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Toadhead

Problems in my tetris clone

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First a small question: Can I use classes without creating an object? I use a FrameBase abstract class and I have a few classes based on this BaseFrame class. Than I have a pointer that points to the BaseFrame class and I want to let this pointer point to the classes based on this FrameBase class. (LoadFrame is a class based on BaseFrame) So:

FrameBase *fpointer;
Fpointer = &LoadFrame; // Here the pointer will point to the loadframe class

Fpointer->Frame() //The Frame method is included in all classes based on BaseFrame






My problems: (from the debugger) - expected class-name before '{' token My class HAS a name! This is my class from the headerfile loading.h:
class LoadFrame : public FrameBase 
{
      
private:
      void Loop();
      int id;
         
              
protected:
                
                
public:
      //Public Methods
      int get_id();
      void Frame();

      //Constructor
      LoadFrame();      
      
};



My second problem: - expected primairy-expression before ';' token. (main.cpp line 64) This is my main.cpp:
/Including header files
#include <iostream>
#include <string>
#include <cstdio>
#include <cstdlib>

#include "SDL.h"
#include "SDL_ttf.h"
#include "SDL_mixer.h"
#include "SDL_image.h"

//Including the main.h header files which includes the BaseFrame initialization
#include "main.h"


//Using the standard namespace
using namespace std;

//Static variables
SDL_Surface *screen; //The screen surface

FrameBase *Fpointer = NULL; //This pointer can point to all classes based on FrameBase





//Main starts here
int main(int argc, char** argv) 
{


Fpointer = &LoadFrame;

//Start General Gameloop
bool run = true;
while(run == true) 
{    
Fpointer->Frame();   
}
    
    
    

delete Fpointer;
//Game ends
 return 0;   
}




I hope someone can help me. Greetings, Rob (PS my game isn't finished but I decided to debug it now since there will probably be too many bugs when it's finished so I can better fix the bugs I have now so I have less bugs when the game is completed)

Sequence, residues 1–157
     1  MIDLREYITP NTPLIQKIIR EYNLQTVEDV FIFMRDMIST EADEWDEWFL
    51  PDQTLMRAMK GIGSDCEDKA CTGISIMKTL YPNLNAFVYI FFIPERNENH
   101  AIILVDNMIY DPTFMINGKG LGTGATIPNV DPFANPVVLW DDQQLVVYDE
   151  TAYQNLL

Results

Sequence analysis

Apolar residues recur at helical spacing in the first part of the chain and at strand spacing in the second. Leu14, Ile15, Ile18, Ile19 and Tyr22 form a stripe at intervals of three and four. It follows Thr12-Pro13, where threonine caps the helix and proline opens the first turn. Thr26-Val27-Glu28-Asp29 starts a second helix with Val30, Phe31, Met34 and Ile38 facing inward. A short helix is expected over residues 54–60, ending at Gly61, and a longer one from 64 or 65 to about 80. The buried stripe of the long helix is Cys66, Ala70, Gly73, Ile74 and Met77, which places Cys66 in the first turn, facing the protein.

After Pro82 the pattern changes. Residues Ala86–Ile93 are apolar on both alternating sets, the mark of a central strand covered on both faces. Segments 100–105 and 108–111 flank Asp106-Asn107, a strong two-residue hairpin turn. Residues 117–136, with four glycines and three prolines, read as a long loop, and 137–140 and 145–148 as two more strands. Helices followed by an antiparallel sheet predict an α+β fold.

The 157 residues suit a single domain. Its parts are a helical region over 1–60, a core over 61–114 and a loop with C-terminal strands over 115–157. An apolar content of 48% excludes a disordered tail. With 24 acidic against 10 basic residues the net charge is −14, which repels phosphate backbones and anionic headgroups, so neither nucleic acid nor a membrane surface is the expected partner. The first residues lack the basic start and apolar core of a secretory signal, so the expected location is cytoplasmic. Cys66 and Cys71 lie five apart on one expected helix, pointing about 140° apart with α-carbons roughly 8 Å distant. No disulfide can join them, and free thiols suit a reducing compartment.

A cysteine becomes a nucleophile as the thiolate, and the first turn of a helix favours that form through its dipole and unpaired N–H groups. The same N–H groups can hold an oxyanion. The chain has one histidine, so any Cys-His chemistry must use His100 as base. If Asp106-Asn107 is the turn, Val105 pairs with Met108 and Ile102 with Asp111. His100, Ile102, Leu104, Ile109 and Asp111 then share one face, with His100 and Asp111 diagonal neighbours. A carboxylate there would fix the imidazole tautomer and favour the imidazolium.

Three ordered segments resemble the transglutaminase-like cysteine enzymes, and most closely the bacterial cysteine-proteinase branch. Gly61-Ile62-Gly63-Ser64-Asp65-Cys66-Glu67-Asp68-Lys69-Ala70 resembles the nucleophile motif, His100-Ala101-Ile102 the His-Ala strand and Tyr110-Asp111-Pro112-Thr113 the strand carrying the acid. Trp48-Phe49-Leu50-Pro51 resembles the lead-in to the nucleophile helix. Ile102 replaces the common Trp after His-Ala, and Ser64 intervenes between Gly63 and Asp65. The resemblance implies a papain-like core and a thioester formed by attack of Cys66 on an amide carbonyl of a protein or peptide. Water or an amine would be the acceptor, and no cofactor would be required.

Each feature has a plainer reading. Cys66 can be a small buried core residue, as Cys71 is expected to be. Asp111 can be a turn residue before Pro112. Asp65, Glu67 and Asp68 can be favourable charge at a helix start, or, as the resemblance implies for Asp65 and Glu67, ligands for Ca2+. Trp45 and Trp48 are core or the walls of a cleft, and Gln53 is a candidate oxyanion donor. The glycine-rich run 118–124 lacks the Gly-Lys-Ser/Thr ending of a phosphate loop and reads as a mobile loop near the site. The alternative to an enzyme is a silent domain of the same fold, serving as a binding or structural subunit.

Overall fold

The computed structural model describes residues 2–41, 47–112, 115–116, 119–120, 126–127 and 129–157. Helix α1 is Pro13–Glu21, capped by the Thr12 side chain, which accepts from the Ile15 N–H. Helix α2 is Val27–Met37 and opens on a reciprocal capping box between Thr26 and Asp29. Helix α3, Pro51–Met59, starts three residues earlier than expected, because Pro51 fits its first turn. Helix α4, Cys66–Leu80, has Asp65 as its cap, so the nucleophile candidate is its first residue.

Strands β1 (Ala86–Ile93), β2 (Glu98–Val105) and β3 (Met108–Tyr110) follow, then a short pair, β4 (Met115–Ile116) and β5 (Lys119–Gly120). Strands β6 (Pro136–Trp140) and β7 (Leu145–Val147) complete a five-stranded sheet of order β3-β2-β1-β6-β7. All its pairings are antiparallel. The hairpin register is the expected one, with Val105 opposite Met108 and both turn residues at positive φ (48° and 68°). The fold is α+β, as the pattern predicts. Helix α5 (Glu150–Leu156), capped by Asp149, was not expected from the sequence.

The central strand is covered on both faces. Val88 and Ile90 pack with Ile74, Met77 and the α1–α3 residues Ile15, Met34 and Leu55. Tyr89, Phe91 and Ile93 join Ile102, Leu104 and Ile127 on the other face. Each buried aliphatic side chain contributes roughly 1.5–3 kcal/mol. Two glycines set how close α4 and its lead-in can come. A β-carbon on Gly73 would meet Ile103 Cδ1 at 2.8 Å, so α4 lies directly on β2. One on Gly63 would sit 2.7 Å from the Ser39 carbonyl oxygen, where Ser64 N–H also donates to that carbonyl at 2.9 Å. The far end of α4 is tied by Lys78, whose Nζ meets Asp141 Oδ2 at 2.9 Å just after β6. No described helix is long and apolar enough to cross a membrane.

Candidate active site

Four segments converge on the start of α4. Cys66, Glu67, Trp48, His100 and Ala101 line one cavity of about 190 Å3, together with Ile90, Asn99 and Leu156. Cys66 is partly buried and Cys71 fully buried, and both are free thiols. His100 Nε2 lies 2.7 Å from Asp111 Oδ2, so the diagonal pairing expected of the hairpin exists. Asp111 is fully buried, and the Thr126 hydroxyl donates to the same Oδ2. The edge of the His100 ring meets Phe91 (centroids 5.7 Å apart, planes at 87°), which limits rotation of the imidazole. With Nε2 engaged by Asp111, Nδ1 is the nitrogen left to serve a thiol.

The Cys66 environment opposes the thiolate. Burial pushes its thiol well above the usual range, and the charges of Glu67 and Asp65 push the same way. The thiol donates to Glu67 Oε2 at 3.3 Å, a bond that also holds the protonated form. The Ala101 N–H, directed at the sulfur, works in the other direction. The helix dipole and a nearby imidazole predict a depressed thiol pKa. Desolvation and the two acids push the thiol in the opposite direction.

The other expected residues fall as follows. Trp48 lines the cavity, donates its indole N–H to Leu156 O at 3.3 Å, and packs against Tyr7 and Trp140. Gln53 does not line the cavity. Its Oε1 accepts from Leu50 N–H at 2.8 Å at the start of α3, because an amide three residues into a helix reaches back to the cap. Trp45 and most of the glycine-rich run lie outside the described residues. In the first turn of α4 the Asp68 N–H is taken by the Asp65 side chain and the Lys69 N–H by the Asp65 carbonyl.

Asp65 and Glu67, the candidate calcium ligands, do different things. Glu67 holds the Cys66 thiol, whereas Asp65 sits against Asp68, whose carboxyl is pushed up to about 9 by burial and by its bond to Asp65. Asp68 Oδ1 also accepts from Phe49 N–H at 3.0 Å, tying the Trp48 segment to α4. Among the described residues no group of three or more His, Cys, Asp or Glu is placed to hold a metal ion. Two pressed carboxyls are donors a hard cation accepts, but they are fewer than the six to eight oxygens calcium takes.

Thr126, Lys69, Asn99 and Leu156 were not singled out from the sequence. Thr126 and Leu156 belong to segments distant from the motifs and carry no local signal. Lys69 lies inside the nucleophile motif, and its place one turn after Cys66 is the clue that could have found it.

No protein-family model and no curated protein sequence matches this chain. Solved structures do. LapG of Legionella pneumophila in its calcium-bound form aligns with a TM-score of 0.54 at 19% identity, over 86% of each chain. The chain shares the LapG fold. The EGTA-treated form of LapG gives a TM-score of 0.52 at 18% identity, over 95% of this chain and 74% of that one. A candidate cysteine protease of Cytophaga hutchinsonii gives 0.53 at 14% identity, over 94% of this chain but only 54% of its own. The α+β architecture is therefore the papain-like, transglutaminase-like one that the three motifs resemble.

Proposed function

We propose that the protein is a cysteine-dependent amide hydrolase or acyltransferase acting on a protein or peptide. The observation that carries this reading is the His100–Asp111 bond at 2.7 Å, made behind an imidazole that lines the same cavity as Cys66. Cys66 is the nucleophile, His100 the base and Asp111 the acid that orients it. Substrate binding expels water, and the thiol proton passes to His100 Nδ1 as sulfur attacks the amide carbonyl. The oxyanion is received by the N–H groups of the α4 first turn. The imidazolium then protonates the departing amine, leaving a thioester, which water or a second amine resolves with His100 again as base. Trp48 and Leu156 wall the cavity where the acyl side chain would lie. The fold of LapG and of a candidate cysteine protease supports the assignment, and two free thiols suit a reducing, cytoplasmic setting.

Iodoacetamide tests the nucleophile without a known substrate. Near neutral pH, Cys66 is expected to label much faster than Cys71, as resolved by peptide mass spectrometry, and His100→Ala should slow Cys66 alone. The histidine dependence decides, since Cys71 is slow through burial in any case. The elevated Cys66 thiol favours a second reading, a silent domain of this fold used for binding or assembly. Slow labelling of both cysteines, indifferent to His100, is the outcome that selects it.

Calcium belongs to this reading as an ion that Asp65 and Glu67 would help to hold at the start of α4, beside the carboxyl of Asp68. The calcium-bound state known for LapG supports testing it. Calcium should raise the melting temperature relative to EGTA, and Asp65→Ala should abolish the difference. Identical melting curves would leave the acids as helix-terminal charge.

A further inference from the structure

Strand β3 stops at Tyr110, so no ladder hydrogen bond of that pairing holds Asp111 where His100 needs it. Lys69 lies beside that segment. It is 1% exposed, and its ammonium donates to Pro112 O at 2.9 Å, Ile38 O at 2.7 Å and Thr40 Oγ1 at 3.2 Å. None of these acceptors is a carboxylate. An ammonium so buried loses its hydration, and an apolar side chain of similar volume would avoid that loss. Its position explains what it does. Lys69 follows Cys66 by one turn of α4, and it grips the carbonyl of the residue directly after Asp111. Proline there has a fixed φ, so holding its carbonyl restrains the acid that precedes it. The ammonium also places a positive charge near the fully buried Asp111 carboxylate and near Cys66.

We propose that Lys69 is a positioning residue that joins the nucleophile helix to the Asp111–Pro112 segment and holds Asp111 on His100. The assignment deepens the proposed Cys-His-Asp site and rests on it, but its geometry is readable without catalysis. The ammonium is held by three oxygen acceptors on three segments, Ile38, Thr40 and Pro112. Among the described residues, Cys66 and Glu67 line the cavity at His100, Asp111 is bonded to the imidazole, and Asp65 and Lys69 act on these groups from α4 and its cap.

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Quickly glancing though, you will need to do something like (untested):

LoadFrame* MyFrame = new LoadFrame;
Fpointer = (FrameBase*)MyFrame;
...
delete Fpointer;

If you want to keep that delete there or

LoadFrame MyFrame;
Fpointer = &MyFrame;
...

If you do not want to delete a pointer.

In C++, you can't assign the address of the class/struct definition to a variable unless it is static or constant (and perhaps any other excpetions to the rule I've missed). So to answer your first question, no, not automatically, you must have a variable declared.

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After I removed the "delete Fpointer;", and used this:

LoadFrame LoadScreen;
Fpointer = &LoadScreen; (line 62)


I get this error:
"Cannot convert 'LoadFrame*' to 'FrameBase*' in assignment"
(main.cpp line 62)


And what about that strange class-name error??

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Cool!
Finaly it's fixed :)

Only 1 problem left:

"expected class-name before '{' token"
(loading.h line 5)

This is my full loading.h file:


#ifndef __LOAD
#define __LOAD

class LoadFrame : public FrameBase
{

private:
void Loop();
int id;


protected:


public:
//Public Methods
int get_id();
void Frame();

//Constructor
LoadFrame();

};

#endif



I hope you can fix this one too.
I don't understand it :(
Why does it say it's expecting a class name while I have a class name??

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Quote:
Original post by Drew_Benton
Whoops I missed that conversion:

Fpointer = (FrameBase*)&LoadScreen;


Btw why this this need to be converted??
I tought a pointer to a base class could point to objects of classes based on that class too???

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Think about this, in this segment:

#ifndef __LOAD
#define __LOAD

class LoadFrame : public FrameBase
{

Where is the class FrameBase defined as? Remember that when you use include guards, you must re-include your class definitions that you use, so you will need to include the class definition for the missing class it cannot find.

You have to convert the pointer though, going from child to parent loses certain traits, so that's why a type cast is needed (which I used to very unsafe one [lol]) Take a look into static_cast at some safer options. There are other casting operators on that page as well. Theoretically the child is not the same as the parent, even though the child is derived from the parent, so you must cast that pointer to that of a parents. For more detailed info on that take a look int C++ Inheritance

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static_cast doesnt work, I needed to use reinterpret_cast (I know everything about typecasting).

But what I mean is that I tought a pointer to a parant class could point to child classes too.

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Quote:
Original post by Toadhead
But what I mean is that I tought a pointer to a parant class could point to child classes too.


Ah, thanks about that reinterpret_cast, couldn't remember which one it was [wink]. Technically it can, which is why C++ is not a typesafe language, but that's something very bad to do! The child will have members and data that the praent might not, so if the variable that is a parent gets called with stuff from a child, who knows what will happen...

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Guest Anonymous Poster
It is perfectly safe to have a base class pointer to a derived class instance. It is called polymorphism.

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